Monday, July 6, 2020

Wait/Don't Wait: Waiting for the Sun

purchase [ Waiting for the Sun - the album]

It seems fitting that I follow up <Follow the Sun> with <Waiting for the Sun>. Enough of the Beatles for now, and this isn't really about the song of that name, but rather the album. There's so much on the Doors' third album to cover that I'm going for a full album this time around. The song appeared on a later album.

I grew up on the Doors's albums - they were heavy rotation at the pre-teen parties I attended (that would be 7th and 8th grade). Strange Days was a little too strange. More than one critic has noted that Strange Days leaves the impression that it is populated with the leftovers of Morrision's lyrics writings that weren't used on the first album. True. Critics also note that is has more continuity that the first album. Not sure I agree.

But 1968's Waiting for the Sun, much like the first Doors album seems to me to have a lot of organizational continuity to it: for me and my friends, it was easy and natural to let the album play one track after the next without having to pick up the needle and move the arm over an inch or so. (Needle? Arm? Track?  We're talking about 33 1/3 RPMs on a turntable at a Junior High dance - not the stuff that did Morrison in at age 27 although the parallels bear some interest.)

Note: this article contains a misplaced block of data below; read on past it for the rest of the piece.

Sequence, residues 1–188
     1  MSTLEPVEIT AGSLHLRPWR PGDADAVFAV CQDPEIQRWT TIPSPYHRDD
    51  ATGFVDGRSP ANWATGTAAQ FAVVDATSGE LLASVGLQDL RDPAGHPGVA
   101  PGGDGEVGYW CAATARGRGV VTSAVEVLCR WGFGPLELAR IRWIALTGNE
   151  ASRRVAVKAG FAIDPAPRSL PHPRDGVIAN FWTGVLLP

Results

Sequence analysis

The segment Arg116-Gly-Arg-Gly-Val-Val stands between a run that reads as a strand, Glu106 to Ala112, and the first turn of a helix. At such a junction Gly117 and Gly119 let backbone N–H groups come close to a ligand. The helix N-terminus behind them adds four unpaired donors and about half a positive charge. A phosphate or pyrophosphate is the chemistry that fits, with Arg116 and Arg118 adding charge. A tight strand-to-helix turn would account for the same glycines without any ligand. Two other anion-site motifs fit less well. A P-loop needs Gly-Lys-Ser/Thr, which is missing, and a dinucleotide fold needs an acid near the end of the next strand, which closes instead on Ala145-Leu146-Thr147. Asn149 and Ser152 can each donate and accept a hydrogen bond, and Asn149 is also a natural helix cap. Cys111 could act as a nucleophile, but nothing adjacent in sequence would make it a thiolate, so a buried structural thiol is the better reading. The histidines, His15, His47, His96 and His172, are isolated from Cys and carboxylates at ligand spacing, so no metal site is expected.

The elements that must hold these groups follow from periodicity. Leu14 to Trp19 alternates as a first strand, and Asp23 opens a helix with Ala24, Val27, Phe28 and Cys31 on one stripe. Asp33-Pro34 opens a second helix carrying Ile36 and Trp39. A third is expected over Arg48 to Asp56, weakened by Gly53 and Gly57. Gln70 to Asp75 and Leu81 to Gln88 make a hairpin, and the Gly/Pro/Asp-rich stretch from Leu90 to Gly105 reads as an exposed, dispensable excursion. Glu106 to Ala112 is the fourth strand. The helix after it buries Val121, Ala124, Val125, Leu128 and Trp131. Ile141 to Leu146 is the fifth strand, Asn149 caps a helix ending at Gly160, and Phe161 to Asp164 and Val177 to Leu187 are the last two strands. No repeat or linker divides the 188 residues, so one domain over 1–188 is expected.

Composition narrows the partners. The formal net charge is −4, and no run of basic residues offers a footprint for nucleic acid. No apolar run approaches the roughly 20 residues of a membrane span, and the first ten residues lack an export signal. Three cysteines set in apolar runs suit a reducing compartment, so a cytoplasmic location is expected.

You may not take the approach that Morrison's father is said to have done, advising his son to drop aspirations of making a living as a[n untalented] musician. By this third album, the Doors had become mostly all about their lead *singer, although there are several pieces/places where it's more recitation than singing (My Wild Love is knee slapping and Morrison-style poetry chant; Five to One is only slightly more "musical" and The Unknown Soldier starts off with similar style)

Hello, I Love You was the main chart topper, and Spanish Caravan showcases the guitar talents of Robbie Krieger. Being, as I said, an album that I tended to listen to without lifting the tone arm, the rest of the songs are tight displays of the Doors at their studio finest (although it couldn't have been easy work with Morrison in whatever condition he had devolved to). My picks for a song typical of this work:

*yeah, it's not the real thing, but it's pretty good (doors alive)

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